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Army Recruitment in May Expected to Fall Short


This is MORNING EDITION from NPR News. I'm Steve Inskeep.


And I'm Renee Montagne.

The Army releases its May recruiting numbers today, and an advance report in the Army Times suggests recruiters have fallen short of their goal for the fourth month in a row. In some cities, recruiters have been frustrated by an increasingly anti-military mood, as NPR's Martin Kaste reports from one of those cities, Seattle.

MARTIN KASTE reporting:

Sergeant Jeff Due spends a lot of time handing out business cards.

Sergeant JEFF DUE (US Army): Hey, what's going on, man? You ever think about military service?

Unidentified Man: Nuh-uh.

Sgt. DUE: Do you ever want to talk about it and find out what you can do for your future?

Unidentified Man: No, I don't care.

KASTE: Today the shaved-headed recruiter is working a job fair in the Seattle Mariners ballpark. With 14 years in the Army, he says this is the hardest job he's had.

Sgt. DUE: My whole military career, I've known success. I come in recruiting, and now I'm experiencing failure, failure and more failure. You know, I've never known failure at this level.

KASTE: Dew seems a natural salesman. He has an eager handshake and a ready sense of humor, but he's quick to tell you that recruiting has worn him down.

Sgt. DUE: So I get slammed doors. You have, you know, people hanging up on the phone, tell you off on the phone. You have your supervisors on you, `We need people, we need people,' so there's that stress. And so it's a very stressful environment.

KASTE: The situation isn't helped by the fact that Due was assigned to Seattle, a liberal city with a strong anti-war sentiment. But as the Iraq War drags on, things have got worse. The Army's downtown recruiting office has missed its goal 25 out of the past 26 months, and right now, they're barely hitting 50 percent of their monthly goals.

(Soundbite of school corridor activity)

Unidentified Woman #1: ...Grout to the main office please. Ethan Grout(ph) to the main office.

KASTE: Just a few blocks from the Army recruiting office is Garfield High School, proud alma mater of Jimi Hendrix and home to the Purple Haze Ultimate Frisbee Team. This should be prime hunting ground for recruiters. After all, Hendrix himself joined the Army. But not anymore, says junior Morgan True.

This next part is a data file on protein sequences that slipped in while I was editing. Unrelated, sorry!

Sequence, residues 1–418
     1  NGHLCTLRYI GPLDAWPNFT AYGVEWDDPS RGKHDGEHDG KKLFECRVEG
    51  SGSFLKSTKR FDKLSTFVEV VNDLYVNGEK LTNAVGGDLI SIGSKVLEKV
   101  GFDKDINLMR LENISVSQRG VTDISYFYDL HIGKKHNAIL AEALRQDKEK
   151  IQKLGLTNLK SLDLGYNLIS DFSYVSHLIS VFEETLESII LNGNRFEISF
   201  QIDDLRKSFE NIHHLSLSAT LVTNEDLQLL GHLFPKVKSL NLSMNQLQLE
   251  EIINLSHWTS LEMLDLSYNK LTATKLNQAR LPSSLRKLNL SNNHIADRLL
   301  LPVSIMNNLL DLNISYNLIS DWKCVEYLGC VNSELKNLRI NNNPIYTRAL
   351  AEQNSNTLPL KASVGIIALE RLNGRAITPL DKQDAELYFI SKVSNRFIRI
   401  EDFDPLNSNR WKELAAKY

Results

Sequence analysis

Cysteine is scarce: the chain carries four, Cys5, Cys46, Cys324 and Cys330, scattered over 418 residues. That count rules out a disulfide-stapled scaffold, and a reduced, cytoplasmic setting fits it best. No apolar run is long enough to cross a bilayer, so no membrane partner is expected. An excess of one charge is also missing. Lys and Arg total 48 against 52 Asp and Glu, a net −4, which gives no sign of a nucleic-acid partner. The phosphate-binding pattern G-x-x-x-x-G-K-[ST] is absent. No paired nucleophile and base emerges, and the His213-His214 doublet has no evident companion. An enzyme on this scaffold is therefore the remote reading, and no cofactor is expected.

MORGAN TRUE (Student): I don't see them. They don't bother me. If they were like actively trying to recruit me, I'd make some snide comment about anti-war this, anti-war that and be like, `Yeah, you guys are weak.'

KASTE: In fact, Garfield's Parent-Teacher-Student Association voted last month to bar recruiters from school. PTA co-president Amy Hagopian says it's doubly important to keep the recruiters out now that they've been falling behind their quotas.

Ms. AMY HAGOPIAN (PTA Co-President): They are becoming increasingly aggressive and desperate. They follow kids down the hall. They chase them. They call them repeatedly at home. So we feel that's inappropriate behavior.

KASTE: The PTA vote was purely symbolic. Schools that get federal aid are required to let recruiters in. But when the recruiters showed up on campus last week, the school district gave them a police escort.

Unidentified Woman #2: Shawn, there's nothing in the computer to let me know you're part time.

KASTE: Things are very different at Richland High east of the Cascade Mountains.

(Soundbite of from school)

Unidentified Woman #2: Yeah.

KASTE: Richland is a small town near a federal nuclear weapons facility, and the football team here is called the Bombers. Career counselor Mary Kaye Hergert says she welcomes military recruiters.

Ms. MARY KAYE HERGERT (Career Counselor): I really see them, in a lot of ways, as if they were my visiting colleagues.

KASTE: Hergert, who wears her school ID on an Army lanyard, says recruiters come in at least once a week, and sometimes they hold special events.

Ms. HERGERT: They have contests where they will climb this rock wall and they hook them all up with the harnesses, which is really fun for the kids. We've had military bands come in and provide entertainment for our kids during lunch.

KASTE: She says recruiters don't use high-pressure tactics at Richland because they don't have to. She says the cooperative relationship they have makes for calmer, more informed career decisions. Bill Pierce, a civilian public affairs official for the Army, says recruiters have had an easier time of it in the suburbs and rural areas.

Mr. BILL PIERCE (Civilian Public Affairs Official, Army): One way to tell is that if you look at the lists of people that have been injured or killed in Iraq, you can see that a large percentage of them are from smaller towns.

KASTE: He won't offer any theories about how this is affecting the Army's demographics, but in Seattle, Sergeant Due says he believes that if big-city recruiting continues to be this bad, it's only a matter of time before Americans see the return of the draft. Martin Kaste, NPR News, Seattle. Transcript provided by NPR, Copyright NPR.

Martin Kaste is a correspondent on NPR's National Desk. He covers law enforcement and privacy. He has been focused on police and use of force since before the 2014 protests in Ferguson, and that coverage led to the creation of NPR's Criminal Justice Collaborative.